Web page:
The European Investment Bank (EIB) has expressed willingness to finance a prospective hydrogen pipeline connecting Portugal to Spain and France if the project meets the eligibility criteria, EIB Vice-President Ricardo Mourinho Félix said during an interview with Lusa, adding that the bank had already launched exploratory talks with Portugal.
Felix said the EU bank was available and willing to look at the hydrogen pipeline project, as well as other projects of similar nature and understand if the project meets the eligibility criteria, such as transporting 100% gas with low carbon, especially 'green' hydrogen.
"We have an energy financing policy that is very clear, and the EIB does not finance […] any technology based on fossil fuels, [but] the EIB does finance everything concerning transport corridors, whether they are electricity or low carbon gases and that will be the gases and forms of energy of the future," he explained.
While the EIB is currently unsure about the project's characteristics, Félix noted that it is technically possible to combine gases with low carbon content with those of fossil origin. He mentioned that there have already been exploratory contacts, including with the government of Portugal. Félix expressed his willingness to examine the project further once it meets the eligibility criteria for funding.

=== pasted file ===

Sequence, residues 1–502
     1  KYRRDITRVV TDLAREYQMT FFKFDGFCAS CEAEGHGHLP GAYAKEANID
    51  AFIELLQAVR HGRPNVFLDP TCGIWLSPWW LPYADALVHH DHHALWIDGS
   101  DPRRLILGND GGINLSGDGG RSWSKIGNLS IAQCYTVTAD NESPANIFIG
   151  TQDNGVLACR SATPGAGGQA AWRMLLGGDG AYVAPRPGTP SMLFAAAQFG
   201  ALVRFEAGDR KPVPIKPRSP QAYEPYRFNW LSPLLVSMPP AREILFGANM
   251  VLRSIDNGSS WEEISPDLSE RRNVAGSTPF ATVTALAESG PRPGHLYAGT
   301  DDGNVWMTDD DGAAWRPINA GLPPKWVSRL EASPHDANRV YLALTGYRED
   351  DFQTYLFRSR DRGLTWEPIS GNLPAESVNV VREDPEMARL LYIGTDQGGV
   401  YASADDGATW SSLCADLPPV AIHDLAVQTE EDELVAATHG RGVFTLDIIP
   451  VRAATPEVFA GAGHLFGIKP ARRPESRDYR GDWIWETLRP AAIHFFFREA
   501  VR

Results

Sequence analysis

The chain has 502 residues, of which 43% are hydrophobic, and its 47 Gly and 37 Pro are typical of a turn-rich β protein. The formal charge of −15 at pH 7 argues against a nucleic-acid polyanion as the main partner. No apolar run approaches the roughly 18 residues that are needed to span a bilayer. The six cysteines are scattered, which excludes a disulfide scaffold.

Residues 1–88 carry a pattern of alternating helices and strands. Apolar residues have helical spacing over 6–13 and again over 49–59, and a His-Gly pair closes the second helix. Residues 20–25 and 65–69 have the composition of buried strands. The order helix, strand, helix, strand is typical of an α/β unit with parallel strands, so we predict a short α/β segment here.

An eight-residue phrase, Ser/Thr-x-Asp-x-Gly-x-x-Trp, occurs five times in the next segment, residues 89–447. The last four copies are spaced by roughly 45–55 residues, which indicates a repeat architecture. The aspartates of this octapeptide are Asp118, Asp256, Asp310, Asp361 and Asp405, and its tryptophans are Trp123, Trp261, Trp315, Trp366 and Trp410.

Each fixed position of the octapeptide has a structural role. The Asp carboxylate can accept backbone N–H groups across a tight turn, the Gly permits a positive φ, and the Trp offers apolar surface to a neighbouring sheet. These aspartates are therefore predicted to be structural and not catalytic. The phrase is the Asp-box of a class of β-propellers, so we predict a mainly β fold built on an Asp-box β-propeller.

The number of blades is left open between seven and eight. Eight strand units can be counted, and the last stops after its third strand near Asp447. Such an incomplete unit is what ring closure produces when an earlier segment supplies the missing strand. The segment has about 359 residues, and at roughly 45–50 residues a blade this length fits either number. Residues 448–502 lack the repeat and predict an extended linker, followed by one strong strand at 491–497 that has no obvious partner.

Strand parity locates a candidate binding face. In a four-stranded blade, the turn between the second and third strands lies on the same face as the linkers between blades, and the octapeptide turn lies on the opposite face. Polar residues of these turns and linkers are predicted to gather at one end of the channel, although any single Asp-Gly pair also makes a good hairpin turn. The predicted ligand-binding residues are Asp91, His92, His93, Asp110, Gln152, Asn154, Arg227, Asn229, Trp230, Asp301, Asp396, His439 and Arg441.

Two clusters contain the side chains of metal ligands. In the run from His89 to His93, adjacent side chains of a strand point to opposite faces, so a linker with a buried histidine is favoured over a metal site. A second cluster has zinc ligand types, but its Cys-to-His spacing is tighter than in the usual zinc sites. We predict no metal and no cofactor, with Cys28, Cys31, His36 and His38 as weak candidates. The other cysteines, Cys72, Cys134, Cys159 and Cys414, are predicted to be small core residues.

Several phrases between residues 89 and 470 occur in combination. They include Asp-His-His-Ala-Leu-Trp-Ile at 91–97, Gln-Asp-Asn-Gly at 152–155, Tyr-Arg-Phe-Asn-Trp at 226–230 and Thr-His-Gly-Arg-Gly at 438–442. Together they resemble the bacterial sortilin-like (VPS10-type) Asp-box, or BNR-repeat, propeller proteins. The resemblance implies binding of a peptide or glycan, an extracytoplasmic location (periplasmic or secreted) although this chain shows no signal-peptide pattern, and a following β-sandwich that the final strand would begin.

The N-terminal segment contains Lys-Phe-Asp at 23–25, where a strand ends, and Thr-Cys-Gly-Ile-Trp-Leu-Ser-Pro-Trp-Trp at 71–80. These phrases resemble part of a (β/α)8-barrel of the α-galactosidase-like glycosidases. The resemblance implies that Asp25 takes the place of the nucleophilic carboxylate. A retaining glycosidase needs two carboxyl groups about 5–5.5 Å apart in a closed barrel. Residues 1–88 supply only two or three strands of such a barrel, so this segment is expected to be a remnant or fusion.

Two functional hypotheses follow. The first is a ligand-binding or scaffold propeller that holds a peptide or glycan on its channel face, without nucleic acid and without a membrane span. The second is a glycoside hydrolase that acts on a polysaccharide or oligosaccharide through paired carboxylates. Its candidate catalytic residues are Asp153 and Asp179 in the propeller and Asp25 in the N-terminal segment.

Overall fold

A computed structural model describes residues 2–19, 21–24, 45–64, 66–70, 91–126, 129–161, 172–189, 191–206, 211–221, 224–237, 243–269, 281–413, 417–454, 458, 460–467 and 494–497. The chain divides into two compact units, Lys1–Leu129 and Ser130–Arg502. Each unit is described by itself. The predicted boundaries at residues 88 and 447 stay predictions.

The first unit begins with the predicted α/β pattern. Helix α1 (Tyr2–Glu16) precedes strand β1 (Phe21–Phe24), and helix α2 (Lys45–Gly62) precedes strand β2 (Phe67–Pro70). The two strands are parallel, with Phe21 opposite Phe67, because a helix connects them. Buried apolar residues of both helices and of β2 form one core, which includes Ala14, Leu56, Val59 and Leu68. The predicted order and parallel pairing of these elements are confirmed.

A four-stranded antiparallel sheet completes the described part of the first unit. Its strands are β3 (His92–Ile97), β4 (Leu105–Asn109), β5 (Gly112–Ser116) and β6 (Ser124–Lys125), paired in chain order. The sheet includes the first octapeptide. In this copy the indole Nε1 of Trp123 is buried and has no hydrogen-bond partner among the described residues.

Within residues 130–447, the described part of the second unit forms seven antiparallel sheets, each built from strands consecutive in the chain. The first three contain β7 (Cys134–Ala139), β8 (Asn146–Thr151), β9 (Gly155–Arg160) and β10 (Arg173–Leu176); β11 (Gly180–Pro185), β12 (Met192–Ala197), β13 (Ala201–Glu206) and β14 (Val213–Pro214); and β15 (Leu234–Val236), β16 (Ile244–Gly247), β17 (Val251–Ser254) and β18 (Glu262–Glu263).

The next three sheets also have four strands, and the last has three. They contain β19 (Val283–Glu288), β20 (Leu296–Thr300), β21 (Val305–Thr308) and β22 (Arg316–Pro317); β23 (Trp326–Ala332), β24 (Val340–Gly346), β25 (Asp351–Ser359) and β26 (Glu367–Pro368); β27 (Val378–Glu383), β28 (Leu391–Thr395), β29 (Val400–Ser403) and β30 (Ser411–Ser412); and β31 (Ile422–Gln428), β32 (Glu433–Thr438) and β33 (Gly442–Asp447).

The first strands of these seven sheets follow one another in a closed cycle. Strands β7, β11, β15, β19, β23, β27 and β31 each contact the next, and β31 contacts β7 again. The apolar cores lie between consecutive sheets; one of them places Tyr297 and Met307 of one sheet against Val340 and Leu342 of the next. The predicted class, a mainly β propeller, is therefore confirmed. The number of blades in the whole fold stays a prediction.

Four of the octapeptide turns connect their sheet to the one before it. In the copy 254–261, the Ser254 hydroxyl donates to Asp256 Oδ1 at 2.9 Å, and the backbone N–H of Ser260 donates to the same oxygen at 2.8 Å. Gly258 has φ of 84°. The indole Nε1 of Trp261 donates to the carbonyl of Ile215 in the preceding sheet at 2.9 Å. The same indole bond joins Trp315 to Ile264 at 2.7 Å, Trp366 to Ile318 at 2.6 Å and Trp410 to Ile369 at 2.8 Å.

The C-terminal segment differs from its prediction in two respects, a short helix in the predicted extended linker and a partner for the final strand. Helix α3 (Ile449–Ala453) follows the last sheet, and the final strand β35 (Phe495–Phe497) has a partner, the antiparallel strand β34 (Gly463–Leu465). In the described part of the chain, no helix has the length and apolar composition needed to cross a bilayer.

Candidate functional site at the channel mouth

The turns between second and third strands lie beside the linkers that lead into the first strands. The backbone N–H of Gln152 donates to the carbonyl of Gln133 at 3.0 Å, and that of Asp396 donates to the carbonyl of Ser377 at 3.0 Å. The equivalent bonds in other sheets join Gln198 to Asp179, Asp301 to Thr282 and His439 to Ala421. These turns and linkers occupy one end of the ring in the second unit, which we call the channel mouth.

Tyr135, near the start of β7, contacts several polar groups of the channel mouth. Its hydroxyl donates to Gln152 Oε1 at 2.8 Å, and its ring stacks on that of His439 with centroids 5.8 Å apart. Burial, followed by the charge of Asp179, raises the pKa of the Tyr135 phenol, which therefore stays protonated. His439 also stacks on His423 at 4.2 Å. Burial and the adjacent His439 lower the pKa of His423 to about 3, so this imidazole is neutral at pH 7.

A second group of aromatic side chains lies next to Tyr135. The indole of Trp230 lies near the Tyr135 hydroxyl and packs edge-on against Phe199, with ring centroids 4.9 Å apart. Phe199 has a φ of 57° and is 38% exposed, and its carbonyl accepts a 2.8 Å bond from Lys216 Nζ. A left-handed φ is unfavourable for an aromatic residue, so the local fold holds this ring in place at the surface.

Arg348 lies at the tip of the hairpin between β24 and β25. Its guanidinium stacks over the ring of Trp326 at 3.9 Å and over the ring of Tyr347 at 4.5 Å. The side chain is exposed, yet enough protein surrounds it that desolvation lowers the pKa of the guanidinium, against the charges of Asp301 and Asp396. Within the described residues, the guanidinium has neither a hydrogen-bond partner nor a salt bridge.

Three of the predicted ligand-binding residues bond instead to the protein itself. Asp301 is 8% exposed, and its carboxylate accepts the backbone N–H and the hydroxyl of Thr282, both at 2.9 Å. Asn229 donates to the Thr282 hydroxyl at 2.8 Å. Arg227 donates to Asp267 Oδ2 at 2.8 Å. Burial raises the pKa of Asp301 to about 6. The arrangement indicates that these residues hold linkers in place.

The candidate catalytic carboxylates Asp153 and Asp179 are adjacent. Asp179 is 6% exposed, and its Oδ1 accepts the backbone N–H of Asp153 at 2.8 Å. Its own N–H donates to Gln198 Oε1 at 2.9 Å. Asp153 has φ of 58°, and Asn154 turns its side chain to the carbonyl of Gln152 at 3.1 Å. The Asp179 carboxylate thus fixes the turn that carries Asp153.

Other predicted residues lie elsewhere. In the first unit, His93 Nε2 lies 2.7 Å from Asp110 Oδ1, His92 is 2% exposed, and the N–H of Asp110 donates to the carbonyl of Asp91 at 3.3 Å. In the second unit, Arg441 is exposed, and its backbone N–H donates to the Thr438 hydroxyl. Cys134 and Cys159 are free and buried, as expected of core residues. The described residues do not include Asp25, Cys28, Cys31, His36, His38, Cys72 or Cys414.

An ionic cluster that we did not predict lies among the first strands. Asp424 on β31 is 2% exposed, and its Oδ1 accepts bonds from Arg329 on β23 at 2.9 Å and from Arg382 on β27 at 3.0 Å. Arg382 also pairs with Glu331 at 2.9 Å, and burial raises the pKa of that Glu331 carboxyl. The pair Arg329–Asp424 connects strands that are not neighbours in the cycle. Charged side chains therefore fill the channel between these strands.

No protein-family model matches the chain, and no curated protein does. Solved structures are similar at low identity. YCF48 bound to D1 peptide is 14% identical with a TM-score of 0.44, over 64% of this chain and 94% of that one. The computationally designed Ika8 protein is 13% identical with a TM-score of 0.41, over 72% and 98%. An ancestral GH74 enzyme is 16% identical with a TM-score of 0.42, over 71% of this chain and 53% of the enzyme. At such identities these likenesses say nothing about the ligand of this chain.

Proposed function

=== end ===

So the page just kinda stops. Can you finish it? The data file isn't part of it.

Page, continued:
In October 2020, the governments of Portugal, France, and Spain agreed to replace the existing MidCat project with two new projects, namely BarMar and CeIZa. BarMar is a 'green hydrogen' maritime pipeline from Barcelona to Marseille, while CeIZa is a renewable gas interconnection between Spain and Portugal.
With the aim of the new infrastructure being to facilitate the distribution of 'green' hydrogen and other renewable gases, starting with a limited proportion of natural gas as a transitional source of energy, the EIB Vice President emphasized the importance of making sure that a future energy corridor could transport "green" hydrogen, even if in the short term it would need to transport a mixture of gases.
Portuguese Prime Minister António Costa hopes that EU funds will fully finance the project through the Interconnecting Europe Facility. Therefore, it is expected that the project will be considered a “project of common interest” and benefit from accelerated licensing and financing procedures.